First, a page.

After the bar mitzvah I went to a naturopath who offers thermograms – an alternative to mammograms. She told me nothing was wrong with my breasts and I needed to take supplements for other problems going on in my body. I was relieved but wondered about her results. Didn’t I see online that those thermograms come with photos of the hotspots? I never got one of those. She reassured me that her thermograms were better. Over the next year, my nipple inverted…

So I went to a different doctor who offered the kind of thermograms that give you the photo. That thermogram result told me there was the possibility that I could have cancer growing in the future and highly recommended I get a mammogram and an ultrasound. That’s when I got my 3rd mammogram in my life that led to the biopsy that diagnosed me at stage 3.

The morning before going in for the biopsy, I met with friends for tea and reassured them that I just had benign fibrocystic lumps. I told the doctor and the nurse the same thing while I was lying on the table having my breast punctured 5 times. I could sense the darkness & fear in the room and knew that they were incredibly concerned that this woman was in danger. I wished I’d brought Geoff with me to hold my hand…

P.S. I have an article about thermography written by an M.D. who graduated from Duke University who believes that thermograms are better than mammograms due to fewer false positives and earlier detection. The article has a picture of what a thermogram photo looks like. After my story, you may not care to read it, but it could be that I went to the wrong doctors and didn’t go early enough – they cost $200 approx. and aren’t covered by insurance. This doctor is in Walnut Creek. I can email the article to you if you request it. It’s a pdf file and I’d link it here but don’t know how.

P.P.S. I forgot to mention that breast MRIs catch breast cancer very early and I would probably ask for that if you have a suspicious mammogram. Unfortunately, it may not be covered by insurance and is very expensive. A breast MRI caught the nodule in my right breast which wasn't evident in the mammogram and only vaguely evident in the thermogram. It was removed when it got biopsied - which shows you how small it was! Breast MRIs may be the wave of the future.

Wednesday, February 4, 2009

Letting Go of Shame & Guilt

Sorry this is so long...

When I was first diagnosed, it was during the days of Tshuva (return/repentance) between Rosh haShanah and Yom Kippur. I’m not anywhere near the most observant Jew and have struggled to become more observant through the years by (doing my best at – and sometimes not doing very well at) taking on another mitzvah each Rosh haShanah. Also during this time, I think about my sins of the past year and try to make amends with those who I feel I’ve wronged. But having this diagnosis during this time made the High Holy Days all so much more meaningful to me - and judgmental.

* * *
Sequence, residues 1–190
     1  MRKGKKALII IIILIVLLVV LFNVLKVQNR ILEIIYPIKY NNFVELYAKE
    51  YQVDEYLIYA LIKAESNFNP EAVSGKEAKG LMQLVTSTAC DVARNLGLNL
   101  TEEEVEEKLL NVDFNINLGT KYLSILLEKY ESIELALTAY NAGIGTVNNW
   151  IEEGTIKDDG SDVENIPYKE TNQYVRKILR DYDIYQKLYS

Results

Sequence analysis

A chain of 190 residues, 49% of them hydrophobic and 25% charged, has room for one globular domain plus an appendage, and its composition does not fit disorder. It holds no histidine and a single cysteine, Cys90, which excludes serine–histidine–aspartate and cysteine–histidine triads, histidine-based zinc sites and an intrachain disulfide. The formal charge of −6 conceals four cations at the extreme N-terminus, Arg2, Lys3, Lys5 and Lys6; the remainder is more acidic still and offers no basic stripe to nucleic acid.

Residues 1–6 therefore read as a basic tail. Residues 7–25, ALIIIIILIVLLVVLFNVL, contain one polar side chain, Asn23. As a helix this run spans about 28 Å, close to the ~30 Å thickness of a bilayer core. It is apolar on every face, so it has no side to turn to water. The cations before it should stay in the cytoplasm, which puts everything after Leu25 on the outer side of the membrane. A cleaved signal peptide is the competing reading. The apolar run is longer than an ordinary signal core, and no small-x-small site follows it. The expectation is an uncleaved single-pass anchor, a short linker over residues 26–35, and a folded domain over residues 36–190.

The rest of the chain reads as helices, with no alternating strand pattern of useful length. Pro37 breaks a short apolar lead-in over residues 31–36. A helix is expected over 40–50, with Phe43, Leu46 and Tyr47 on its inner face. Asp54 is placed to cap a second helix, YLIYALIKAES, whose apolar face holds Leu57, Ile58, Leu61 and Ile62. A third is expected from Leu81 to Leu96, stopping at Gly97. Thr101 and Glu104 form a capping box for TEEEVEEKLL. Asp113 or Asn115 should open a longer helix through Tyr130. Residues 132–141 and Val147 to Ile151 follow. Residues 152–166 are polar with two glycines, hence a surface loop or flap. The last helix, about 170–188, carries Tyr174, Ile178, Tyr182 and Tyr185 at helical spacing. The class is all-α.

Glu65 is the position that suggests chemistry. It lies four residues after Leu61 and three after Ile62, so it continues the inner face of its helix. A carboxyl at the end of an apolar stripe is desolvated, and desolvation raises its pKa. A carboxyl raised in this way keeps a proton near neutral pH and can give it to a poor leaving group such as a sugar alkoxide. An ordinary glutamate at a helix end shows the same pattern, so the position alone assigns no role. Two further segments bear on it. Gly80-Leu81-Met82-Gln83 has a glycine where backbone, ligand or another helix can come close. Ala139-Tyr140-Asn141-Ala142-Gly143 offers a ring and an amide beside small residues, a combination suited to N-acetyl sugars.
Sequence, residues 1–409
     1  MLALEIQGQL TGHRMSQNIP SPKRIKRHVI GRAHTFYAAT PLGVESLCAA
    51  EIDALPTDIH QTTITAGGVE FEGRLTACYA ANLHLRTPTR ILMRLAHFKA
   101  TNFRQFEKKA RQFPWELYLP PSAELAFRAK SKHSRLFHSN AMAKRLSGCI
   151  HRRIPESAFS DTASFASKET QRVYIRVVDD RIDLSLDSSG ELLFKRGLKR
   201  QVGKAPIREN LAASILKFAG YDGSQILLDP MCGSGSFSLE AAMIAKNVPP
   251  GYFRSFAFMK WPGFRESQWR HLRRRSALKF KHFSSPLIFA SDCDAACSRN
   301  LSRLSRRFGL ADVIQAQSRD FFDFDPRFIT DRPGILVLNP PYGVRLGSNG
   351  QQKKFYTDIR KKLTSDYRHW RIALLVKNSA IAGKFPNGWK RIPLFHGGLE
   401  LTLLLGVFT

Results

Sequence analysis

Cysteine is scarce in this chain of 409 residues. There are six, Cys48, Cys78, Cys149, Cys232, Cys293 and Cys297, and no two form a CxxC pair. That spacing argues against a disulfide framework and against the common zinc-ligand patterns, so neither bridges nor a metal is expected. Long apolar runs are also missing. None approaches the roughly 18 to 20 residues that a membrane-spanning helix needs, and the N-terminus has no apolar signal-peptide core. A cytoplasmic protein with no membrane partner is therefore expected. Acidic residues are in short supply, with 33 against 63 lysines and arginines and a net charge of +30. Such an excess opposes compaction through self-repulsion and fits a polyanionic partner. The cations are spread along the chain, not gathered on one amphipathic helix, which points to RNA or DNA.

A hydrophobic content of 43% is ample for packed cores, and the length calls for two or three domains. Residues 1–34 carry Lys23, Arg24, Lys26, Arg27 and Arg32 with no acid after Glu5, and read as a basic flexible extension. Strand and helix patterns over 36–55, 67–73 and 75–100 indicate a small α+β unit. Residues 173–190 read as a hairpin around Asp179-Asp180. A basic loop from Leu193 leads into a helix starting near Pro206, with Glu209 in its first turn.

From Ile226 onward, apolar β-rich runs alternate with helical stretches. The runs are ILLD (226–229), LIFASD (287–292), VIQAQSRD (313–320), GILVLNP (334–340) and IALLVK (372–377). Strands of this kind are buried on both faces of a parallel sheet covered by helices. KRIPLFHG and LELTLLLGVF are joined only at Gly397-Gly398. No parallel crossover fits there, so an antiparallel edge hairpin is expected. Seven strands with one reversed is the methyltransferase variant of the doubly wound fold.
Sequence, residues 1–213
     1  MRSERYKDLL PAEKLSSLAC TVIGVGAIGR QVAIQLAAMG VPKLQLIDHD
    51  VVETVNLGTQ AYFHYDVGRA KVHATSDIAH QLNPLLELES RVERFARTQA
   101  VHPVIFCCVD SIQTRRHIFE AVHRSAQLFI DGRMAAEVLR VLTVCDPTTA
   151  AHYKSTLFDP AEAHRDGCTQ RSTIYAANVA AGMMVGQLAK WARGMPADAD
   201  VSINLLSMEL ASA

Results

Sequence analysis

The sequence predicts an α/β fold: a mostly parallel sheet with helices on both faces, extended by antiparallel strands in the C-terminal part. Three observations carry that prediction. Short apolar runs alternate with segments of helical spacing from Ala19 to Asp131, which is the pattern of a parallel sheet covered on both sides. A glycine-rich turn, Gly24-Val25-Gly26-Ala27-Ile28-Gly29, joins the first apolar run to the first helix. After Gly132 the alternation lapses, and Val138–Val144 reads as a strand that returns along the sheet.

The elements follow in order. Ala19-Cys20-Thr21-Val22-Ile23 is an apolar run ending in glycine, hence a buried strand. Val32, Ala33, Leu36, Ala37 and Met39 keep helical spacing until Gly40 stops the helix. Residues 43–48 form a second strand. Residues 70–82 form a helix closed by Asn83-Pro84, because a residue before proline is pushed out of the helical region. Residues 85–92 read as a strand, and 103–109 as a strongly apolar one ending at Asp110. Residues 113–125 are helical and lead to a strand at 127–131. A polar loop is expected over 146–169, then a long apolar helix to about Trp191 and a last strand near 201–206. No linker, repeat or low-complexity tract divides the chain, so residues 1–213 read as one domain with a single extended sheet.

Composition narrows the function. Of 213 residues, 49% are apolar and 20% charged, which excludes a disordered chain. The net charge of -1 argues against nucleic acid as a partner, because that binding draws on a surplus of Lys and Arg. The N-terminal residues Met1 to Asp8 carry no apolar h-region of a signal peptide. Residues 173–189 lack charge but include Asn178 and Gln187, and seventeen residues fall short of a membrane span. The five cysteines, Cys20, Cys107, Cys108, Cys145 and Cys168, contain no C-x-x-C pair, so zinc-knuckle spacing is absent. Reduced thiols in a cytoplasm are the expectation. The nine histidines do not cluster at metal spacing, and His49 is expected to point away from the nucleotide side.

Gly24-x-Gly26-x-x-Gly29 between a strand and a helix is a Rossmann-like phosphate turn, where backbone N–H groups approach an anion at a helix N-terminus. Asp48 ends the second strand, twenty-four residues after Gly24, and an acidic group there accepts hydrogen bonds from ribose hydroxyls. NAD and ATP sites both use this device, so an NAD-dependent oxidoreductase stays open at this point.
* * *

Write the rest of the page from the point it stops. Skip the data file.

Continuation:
The first few days after diagnosis, I cried pretty non-stop. Not for myself and the horror of the treatment and the possibility of death. Instead, I cried out of guilt, shame, embarrassment, and the sheer responsibility I took on for not getting this taken care of sooner because had I not waited, my children and my husband, and parents and siblings would not have to go through all this pain over me.

I called Doris who I met through Chabad and who is a therapist and who also has had some experience with this devastating disease. I told her how I couldn’t let myself off the hook for all the pain I was going to put my loved ones through. She told me something that really helped me that I will never forget: “This situation just gives us all an opportunity to show you our love more openly.”

My parents were in Ireland at the time and I remember emailing my mom the news in the possibility she might check email. I was very worried about calling her once she got home because I didn’t listen to my mommy and get a mammogram like I should have. My dad’s a doctor and I was also worried he’d be mad at me. (I got really young and small and scared about their reactions.) Luckily they were both loving and gracious when I finally talked with them and were just worried about me and didn't lay any guilt on me.

When I went to shul on Yom Kippur, the rabbis asked for my Hebrew name for the mishaberach. Being a few days after diagnosis, I was still in such denial that I thought, “am I really sick enough for that?” Then I started to wonder what the significance was of having a mishaberach on the holiest day of the year. Most people there knew about my diagnosis and during a break, I got lots of hugs. That was hard because I had finally stopped crying and the hugs just started it up again. Fred, one of the people I’ve known since Baily and Yochanon first moved to our town (he helped the rabbi while I helped Bailly), told me he wasn’t able to tell his mom about my diagnosis because he was afraid it would devastate her. His mom is Rosey (a good friend of mine) and she has called me almost every day since I got out of the hospital.

Anyway, because I was crying again and couldn’t stop, I didn’t go back into the services and instead talked to Bailly and Stefanie. I told them what was really bothering me (the guilt of not finding out sooner) and Stefanie (another therapist friend of mine who I met through Chabad) told me something that really helped and that I will never forget: “You could not have discovered this any sooner and the fact that you discovered it now is really great because I have seen such a change in you in the past few months. You are so much stronger than I have seen you and you are going to meet this with that strength.”